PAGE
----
Latin America Advisor
Venezuelan President Hugo Chavez on Monday announced sweeping plans to establish greater government control over the economy, including the nationalization of telecom and power companies, and stripping the Central Bank of its autonomy. What is the future of private investment in Venezuela in the wake of Chavez's speech? With US firms being the major investors in the companies targeted for nationalization, do you see an escalation of US-Venezuela tensions? How will the US respond to Chavez's moves?
Robert C. Helander, Managing Partner at InterConsult LLP in New York: Starting with his 'Bolivarian' constituent assembly to draft a new constitution, Chavez has consistently followed the recipe for boiling a frog: gradually raise the temperature by degrees, so that the frog relaxes until it is too late to jump out of the water. The only moderating force that can stop him is the price of oil. If prices stay at or near present levels, he has a gusher of money to fund his ambition. If he decides to nationalize foreign investments, he could take part of the money we pay him for oil to pay compensation and avoid an unnecessary confrontation. After all, he needs to sell us oil as much as we need to buy it. Meanwhile, his march toward 'socialism' sounds like the '60s and '70s in Latin America. 'Socialism' and fascism are but two ends of a political horseshoe, they are always closer to each other than either is to the democratic center. The difference this time is that Chavez has learned to manipulate the electoral process to maintain the appearance of democracy and he has the money to grease his way. A poor Chavez would have long since been laughed off the stage. Stay tuned.
Richard Francis, Associate Director of Sovereign Ratings at Standard & Poor's: The overall investment climate in Venezuela has clearly deteriorated in the last six years with increased government intervention in the private sector. As a result, foreign direct investment, including the all-important oil and gas sector, has plummeted to an average of $2 billion per annum over the last five years from over $4.7 billion in 2000. Furthermore, although private investment has picked up locally, anecdotally it appears to be short-term and more speculative in nature. It is not clear the terms under which the government will take steps to nationalize the telecom and power companies; certainly an expropriation of assets would be the most radical measure. However, the government has built an impressive amount of liquid assets that is estimated at $45 billion and could, therefore, choose to buy out the private investors in EDC and CANTV. This route would be negative in terms of creating a more bloated public sector and likely impair the overall quality of services, but is unlikely to have much of an impact on the already deteriorated US-Venezuela relations. However, ultimately, the most important factor for Venezuela is the outlook for the oil and gas sector. This year will be pivotal for the direction the government takes with this sector as well. Clearly, major investments are needed to expand production and, without it, oil production will remain stagnant at best.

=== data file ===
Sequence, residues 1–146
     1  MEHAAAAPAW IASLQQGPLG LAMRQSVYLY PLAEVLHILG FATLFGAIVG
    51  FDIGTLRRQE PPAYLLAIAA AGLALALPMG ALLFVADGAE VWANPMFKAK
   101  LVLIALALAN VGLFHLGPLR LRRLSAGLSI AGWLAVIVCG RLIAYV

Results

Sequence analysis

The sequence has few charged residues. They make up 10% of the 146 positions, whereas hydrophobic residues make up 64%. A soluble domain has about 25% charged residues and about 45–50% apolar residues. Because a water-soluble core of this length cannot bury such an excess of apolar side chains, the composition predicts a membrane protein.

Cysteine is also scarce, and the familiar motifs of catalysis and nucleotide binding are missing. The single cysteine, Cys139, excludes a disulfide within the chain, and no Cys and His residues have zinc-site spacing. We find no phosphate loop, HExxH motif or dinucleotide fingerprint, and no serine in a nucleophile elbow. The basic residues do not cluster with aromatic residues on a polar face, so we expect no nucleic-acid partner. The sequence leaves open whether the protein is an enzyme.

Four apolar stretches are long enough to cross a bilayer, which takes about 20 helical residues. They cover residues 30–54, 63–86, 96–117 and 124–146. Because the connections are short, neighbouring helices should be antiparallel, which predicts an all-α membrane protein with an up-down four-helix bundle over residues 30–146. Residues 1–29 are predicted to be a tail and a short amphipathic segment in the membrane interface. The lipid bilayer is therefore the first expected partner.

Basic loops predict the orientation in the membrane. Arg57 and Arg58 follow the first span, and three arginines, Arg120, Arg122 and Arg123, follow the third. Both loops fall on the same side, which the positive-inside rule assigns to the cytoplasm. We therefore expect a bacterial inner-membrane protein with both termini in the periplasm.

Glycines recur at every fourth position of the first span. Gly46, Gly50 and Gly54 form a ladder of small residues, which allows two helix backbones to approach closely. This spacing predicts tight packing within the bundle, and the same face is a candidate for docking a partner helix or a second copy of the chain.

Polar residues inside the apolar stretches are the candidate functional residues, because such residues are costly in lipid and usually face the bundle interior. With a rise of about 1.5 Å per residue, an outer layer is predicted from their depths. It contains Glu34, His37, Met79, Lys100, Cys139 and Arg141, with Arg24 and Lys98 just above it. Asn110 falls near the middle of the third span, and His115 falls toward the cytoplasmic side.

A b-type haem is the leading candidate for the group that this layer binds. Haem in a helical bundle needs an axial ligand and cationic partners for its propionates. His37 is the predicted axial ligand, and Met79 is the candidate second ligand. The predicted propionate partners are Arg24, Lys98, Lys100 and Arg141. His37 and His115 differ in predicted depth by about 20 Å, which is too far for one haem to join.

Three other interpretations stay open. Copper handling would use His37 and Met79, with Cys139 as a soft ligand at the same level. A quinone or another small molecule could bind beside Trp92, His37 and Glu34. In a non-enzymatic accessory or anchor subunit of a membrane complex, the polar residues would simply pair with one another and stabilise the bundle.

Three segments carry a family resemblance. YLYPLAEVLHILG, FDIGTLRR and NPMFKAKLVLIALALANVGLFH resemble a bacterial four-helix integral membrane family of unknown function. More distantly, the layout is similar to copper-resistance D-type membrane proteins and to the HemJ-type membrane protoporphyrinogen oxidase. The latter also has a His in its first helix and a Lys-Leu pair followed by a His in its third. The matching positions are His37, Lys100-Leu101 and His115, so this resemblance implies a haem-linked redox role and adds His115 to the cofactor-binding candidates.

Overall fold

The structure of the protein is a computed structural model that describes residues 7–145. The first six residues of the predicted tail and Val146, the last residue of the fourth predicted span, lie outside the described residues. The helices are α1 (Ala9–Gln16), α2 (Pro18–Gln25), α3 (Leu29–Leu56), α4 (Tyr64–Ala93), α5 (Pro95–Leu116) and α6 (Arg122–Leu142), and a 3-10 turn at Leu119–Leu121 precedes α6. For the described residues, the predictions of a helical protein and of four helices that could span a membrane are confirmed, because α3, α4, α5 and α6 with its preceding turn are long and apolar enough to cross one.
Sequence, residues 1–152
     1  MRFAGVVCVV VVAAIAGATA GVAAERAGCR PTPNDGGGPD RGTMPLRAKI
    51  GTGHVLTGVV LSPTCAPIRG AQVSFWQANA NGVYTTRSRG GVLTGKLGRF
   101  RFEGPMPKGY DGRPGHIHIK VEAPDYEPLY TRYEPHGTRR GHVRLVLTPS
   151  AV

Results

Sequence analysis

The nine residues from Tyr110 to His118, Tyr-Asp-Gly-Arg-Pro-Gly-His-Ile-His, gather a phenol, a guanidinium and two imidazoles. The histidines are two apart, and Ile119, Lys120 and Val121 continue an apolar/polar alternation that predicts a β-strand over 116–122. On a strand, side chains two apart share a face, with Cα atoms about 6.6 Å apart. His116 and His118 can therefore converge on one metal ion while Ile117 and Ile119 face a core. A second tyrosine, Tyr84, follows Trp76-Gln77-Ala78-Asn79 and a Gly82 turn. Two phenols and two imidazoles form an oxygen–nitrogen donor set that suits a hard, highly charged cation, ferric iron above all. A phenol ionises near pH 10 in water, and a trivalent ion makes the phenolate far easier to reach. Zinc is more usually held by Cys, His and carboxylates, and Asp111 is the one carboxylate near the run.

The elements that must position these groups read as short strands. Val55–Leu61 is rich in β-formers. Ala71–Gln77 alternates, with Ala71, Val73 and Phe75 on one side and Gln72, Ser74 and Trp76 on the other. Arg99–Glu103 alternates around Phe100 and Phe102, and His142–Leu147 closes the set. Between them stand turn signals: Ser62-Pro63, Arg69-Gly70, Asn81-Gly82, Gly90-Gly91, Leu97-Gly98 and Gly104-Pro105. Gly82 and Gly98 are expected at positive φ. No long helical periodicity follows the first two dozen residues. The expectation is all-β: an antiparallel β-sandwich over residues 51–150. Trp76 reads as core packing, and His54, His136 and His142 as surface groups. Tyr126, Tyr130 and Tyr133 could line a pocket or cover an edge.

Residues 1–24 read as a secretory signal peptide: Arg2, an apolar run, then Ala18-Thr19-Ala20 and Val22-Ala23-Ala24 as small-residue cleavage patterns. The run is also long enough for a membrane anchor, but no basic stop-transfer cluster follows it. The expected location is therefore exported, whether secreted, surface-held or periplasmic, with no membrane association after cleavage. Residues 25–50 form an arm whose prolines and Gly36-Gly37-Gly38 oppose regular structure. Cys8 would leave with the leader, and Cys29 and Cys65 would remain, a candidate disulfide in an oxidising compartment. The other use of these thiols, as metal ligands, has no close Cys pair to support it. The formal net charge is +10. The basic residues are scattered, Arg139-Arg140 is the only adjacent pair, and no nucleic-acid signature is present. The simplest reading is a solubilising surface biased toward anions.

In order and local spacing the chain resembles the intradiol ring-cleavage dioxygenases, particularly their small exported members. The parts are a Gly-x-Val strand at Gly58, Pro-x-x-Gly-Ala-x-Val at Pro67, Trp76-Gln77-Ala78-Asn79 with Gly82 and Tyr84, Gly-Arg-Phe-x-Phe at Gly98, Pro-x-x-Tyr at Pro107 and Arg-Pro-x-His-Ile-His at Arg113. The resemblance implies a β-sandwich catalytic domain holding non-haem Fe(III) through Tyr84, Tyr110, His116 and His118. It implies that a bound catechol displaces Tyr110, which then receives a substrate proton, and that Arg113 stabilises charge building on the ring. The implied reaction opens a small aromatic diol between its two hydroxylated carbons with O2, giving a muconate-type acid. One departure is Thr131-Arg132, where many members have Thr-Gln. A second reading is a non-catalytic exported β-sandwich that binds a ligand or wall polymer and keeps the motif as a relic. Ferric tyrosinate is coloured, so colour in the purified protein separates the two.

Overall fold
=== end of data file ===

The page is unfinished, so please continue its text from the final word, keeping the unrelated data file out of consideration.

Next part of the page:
Beatrice Rangel, President of AMLA Consulting in Miami: The decision to nationalize CANTV and the electric power providers is the logical step to take by any autocratic regime. Once the institutional framework is safely under control, the next logical step is to seize the economic blood vessels. In the case of Venezuela, these are oil (which is state owned), foreign exchange (which is also under state control), telecommunications, and power. Telecoms and power are key to market economics, as wealth creation is nowadays a function of information and energy availability. Telecoms bear the highest strategic significance, as they confer control over electronic media while facilitating early suppression of dissent. After having enjoyed a landslide electoral victory, President Chavez needs to control these strategic services to secure long term control of Venezuela. From the foreign investor's perspective, this is dire news except for those investors that are expert riders in risky markets. Energy companies that have invested in Venezuela will have to learn to swim these waters at least until they recoup their investments. Over the long run, however, the country runs the risk of isolation from the world economy and technological change.
Rodolfo Magallanes, Professor at the Institute of Political Studies of the Universidad Central de Venezuela: This year, [Venezuela's] government could be characterized by its exercise of greater state control over the political apparatus and by a more ideological management of that apparatus. What stands out is the scant political and managerial experience possessed by the majority of the appointed officials, a situation juxtaposed with the departure of veteran members and experienced political operators from the government. In the near-term, the government’s action will be focused on adjusting the legal and institutional structure of the country, an issue related to the building of a new ‘socialist’ institutionality. The immediate result of such actions would be a likely halt to medium- and long-term private capital investment plans, especially in areas said to be subject to government nationalizations: electricity, communications, other basic services, oil projects in the Faja, etc. To this situation of uncertainty created by the government’s announcements one would have to add the likely reactions from Venezuela’s political opposition and from representatives of social interests that are affected. The whole situation would combine to produce political, social, and economic instability in Venezuela, at least for as long as this special situation lasts.
Republished with permission from the Inter-American Dialogue's daily Latin America Advisor newsletter.